Welcome to the new version of CaltechAUTHORS. Login is currently restricted to library staff. If you notice any issues, please email coda@library.caltech.edu
Published August 10, 2010 | Published
Journal Article Open

Observations of the Near-infrared Spectrum of the Zodiacal Light with CIBER


Interplanetary dust (IPD) scatters solar radiation which results in the zodiacal light that dominates the celestial diffuse brightness at optical and near-infrared wavelengths. Both asteroid collisions and cometary ejections produce the IPD, but the relative contribution from these two sources is still unknown. The low resolution spectrometer (LRS) onboard the Cosmic Infrared Background ExpeRiment (CIBER) observed the astrophysical sky spectrum between 0.75 and 2.1 μm over a wide range of ecliptic latitude. The resulting zodiacal light spectrum is redder than the solar spectrum, and shows a broad absorption feature, previously unreported, at approximately 0.9 μm, suggesting the existence of silicates in the IPD material. The spectral shape of the zodiacal light is isotropic at all ecliptic latitudes within the measurement error. The zodiacal light spectrum, including the extended wavelength range to 2.5 μm using Infrared Telescope in Space (IRTS) data, is qualitatively similar to the reflectance of S-type asteroids. This result can be explained by the proximity of S-type asteroidal dust to Earth's orbit, and the relatively high albedo of asteroidal dust compared with cometary dust.

Additional Information

© 2010 American Astronomical Society. Received 2010 April 27; accepted 2010 June 14; published 2010 July 20. This work was supported by KAKENHI (20·34, 18204018, 19540250, 21111004, and 21340047) from Japan Society for the Promotion of Science (JSPS) and the Ministry of Education, Culture, Sports, Science and Technology (MEXT), and NASA APRA research grants (NNX07AI54G, NNG05WC18G, NNX07AG43G, and NNX07AJ24G).We acknowledge the dedicated efforts of the sounding rocket staff at NASA Wallops Flight Facility and White Sands Missile Range. We also acknowledge the engineers at the Genesia Corporation for the technical support of the CIBER optics. We thank Dr. Allan Smith, Dr. Keith Lykke, and Dr. Steven Brown (the National Institute of Standards and Technology) for the laboratory calibration of LRS. We also thank Dr. Hasegawa Sunao (ISAS/ JAXA), Dr. Ishiguro Masateru (Seoul National University), Dr. Ootsubo Takafumi (Tohoku University), Dr. Noguchi Takaaki (Ibaraki University), Dr. Pyo Jeonghyun (KASI), and Dr. Carey Lisse (Johns Hopkins University) for discussions and comments about IPD, and Dr. Martin Cohen (UC Berkeley) and Dr. Yamamura Issei (ISAS/JAXA) for comments about stellar spectrum. K.T. acknowledges support from the JSPS Research Fellowship for theYoung Scientists,M.Z. acknowledges support from a NASA Postdoctoral Fellowship, and A.C. acknowledges support from an NSF CARRER award.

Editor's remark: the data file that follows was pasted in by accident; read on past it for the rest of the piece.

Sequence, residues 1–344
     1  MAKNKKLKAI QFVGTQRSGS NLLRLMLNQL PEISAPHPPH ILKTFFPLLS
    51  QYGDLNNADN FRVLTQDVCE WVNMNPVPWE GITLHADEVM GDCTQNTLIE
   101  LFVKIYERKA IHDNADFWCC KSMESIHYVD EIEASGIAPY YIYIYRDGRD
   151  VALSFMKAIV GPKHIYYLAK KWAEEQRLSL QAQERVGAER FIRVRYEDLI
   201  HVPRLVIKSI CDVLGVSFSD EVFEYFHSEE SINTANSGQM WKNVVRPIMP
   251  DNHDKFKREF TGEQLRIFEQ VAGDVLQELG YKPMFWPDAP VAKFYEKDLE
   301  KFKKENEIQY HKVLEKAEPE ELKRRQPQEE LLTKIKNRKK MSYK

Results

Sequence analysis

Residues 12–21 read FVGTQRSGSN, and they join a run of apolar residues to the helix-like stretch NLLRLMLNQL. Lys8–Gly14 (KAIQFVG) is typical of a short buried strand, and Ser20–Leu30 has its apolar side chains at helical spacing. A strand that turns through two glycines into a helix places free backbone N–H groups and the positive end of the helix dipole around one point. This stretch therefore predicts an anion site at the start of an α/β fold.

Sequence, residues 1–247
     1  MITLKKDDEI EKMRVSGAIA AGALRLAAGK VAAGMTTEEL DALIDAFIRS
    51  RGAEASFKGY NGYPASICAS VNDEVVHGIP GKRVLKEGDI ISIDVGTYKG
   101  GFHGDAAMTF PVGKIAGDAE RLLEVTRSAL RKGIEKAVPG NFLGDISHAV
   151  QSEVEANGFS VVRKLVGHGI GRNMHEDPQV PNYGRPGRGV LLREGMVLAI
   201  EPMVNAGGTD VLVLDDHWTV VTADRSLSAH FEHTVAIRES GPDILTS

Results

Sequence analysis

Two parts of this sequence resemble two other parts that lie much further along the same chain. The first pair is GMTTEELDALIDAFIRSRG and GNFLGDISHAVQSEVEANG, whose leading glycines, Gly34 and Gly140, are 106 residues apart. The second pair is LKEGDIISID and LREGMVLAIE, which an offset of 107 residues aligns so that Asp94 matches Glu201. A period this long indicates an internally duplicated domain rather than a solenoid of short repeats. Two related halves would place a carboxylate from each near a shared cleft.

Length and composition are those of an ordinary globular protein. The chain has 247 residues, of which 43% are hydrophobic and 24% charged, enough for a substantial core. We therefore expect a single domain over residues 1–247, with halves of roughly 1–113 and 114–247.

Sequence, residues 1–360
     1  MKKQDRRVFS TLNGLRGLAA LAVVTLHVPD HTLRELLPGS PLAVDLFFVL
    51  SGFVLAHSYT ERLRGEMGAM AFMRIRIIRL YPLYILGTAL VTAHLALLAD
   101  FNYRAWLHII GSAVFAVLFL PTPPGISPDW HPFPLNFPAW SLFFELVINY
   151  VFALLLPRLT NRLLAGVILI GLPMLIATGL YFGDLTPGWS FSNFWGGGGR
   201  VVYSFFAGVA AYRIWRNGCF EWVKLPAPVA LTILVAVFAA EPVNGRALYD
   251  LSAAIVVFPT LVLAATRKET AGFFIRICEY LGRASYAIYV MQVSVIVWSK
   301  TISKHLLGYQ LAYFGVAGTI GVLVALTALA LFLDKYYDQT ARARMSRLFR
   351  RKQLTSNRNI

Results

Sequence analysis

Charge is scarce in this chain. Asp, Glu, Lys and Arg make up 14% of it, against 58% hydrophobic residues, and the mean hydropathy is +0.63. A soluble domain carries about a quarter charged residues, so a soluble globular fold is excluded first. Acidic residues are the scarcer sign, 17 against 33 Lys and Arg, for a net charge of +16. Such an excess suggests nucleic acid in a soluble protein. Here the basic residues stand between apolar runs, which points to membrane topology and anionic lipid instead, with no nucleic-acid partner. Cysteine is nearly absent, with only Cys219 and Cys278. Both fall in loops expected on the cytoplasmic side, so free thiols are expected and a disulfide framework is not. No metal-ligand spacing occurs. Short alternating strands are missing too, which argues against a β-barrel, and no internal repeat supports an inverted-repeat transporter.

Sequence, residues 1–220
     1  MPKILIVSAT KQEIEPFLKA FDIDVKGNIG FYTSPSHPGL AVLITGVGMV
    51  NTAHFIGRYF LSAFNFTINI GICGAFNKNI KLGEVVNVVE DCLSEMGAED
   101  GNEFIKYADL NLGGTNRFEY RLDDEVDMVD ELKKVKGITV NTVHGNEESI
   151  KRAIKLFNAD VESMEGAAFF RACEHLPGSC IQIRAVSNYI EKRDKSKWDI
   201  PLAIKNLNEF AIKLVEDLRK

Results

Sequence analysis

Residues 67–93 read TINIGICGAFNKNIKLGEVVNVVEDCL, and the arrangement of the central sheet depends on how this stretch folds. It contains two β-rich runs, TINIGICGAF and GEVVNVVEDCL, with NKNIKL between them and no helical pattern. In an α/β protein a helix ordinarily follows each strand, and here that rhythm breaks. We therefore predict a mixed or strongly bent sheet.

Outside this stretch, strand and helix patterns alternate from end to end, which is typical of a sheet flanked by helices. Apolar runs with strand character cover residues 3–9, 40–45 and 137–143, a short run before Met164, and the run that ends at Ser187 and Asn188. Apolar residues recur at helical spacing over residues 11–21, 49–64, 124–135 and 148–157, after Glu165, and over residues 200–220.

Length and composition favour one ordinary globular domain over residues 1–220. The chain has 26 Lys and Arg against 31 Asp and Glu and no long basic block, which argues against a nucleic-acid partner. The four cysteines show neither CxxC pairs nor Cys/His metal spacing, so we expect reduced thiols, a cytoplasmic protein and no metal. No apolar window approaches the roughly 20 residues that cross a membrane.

Attached Files

Published - Tsumura2010p11124Astrophys_J.pdf


Files (1.7 MB)
Name Size Download all
1.7 MB Preview Download

Additional details

August 22, 2023
October 20, 2023